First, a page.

Course-based research experiences (CREs) are designed to engage students in authentic scientific experiences that are embedded into a standard curriculum. CREs provide valuable research experiences to large numbers of undergraduate biology students, however, CRE implementation can require many personnel. Because limited personnel may be a barrier to widespread CRE implementation, our goal was to discover which personnel students valued throughout a CRE and the ways they were valuable. We investigated students’ perceptions of personnel resources throughout a semester-long CRE using two survey approaches. Using a text message survey administered multiple times per week, real-time data was collected about which personnel resource students perceived to be the most helpful. Using a web-based survey administered five times throughout the semester, retrospective data was collected about how often students used each personnel resource and how helpful students perceived each personnel resource to be. Graduate teaching assistants (TAs) were consistently selected as the most helpful personnel resource by the majority of respondents throughout the semester, with most respondents describing graduate TAs providing project-specific feedback. Although less frequently, undergraduate TAs were also consistently selected as the most helpful personnel resource. Respondents described undergraduate TAs providing project-specific feedback, general feedback, and project-specific resources. Data from the retrospective, web-based survey largely mirrored the real-time, text message survey data. Throughout the semester, most respondents reported using graduate TAs “Often” or “Always” and that graduate TAs were “Very” or “Extremely” helpful. Throughout most of the semester, most respondents also reported using undergraduate TAs “Often” or “Always” and that undergraduate TAs were “Very” or “Extremely” helpful. The results of this descriptive study underscore the importance of graduate and undergraduate TAs in the development and implementation of CREs, emphasizing the need for departments and course coordinators to be intentional in planning TA training that prepares TAs to fulfill their critical role in CRE implementation.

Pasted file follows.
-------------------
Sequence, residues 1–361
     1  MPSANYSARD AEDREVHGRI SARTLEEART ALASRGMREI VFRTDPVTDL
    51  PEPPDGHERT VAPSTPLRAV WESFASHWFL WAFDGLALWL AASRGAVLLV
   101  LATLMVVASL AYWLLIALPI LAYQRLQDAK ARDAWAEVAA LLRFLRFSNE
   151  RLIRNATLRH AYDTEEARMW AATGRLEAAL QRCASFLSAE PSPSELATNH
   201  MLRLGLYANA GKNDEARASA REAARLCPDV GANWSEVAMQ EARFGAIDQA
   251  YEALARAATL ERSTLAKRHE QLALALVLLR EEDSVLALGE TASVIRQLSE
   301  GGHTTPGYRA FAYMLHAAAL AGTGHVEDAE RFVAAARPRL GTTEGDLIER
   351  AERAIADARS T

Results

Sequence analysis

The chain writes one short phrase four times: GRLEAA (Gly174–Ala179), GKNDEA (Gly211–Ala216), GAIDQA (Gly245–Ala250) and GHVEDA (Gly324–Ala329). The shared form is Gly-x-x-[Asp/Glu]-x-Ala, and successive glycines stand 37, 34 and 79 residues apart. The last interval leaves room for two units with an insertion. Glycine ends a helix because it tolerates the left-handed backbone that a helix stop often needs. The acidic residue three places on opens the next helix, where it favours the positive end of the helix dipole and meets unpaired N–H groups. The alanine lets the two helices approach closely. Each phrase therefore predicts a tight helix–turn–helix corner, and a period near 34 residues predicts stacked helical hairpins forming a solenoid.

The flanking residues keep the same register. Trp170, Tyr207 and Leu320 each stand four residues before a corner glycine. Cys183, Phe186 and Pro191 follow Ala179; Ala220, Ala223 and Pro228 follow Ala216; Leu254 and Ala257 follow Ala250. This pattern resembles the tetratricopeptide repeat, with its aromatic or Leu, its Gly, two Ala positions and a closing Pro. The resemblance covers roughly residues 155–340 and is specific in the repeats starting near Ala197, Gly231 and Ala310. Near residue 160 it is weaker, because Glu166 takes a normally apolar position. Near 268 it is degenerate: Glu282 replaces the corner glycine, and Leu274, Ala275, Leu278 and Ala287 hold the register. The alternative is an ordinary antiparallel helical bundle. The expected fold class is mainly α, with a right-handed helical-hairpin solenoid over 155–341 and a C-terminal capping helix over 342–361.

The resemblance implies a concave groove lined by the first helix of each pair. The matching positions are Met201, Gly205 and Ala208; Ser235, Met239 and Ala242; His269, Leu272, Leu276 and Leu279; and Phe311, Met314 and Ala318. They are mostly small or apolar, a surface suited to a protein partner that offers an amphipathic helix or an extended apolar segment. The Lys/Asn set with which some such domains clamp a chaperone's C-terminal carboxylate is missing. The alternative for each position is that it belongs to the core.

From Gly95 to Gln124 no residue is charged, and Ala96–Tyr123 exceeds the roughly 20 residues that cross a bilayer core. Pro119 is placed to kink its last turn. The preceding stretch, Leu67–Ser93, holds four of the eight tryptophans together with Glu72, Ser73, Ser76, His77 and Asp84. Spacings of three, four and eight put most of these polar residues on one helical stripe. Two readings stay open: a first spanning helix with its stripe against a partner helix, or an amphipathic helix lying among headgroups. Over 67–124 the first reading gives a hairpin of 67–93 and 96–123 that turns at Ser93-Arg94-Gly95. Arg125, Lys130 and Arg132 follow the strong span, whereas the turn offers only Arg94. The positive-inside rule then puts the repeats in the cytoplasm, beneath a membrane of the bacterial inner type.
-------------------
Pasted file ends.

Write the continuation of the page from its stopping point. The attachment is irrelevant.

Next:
Bibliographical noteFunding Information:
This work was supported by a grant from the National Science Foundation awarded to SC and CK (NSF 1432414). The funders had no role in study design, data collection and analysis, decision to publish, or preparation of the manuscript.
© 2022 Olson et al. This is an open access article distributed under the terms of the Creative Commons Attribution License, which permits unrestricted use, distribution, and reproduction in any medium, provided the original author and source are credited.
- Surveys and Questionnaires/statistics & numerical data
PubMed: MeSH publication types
- Research Support, U.S. Gov't, Non-P.H.S.
- Journal Article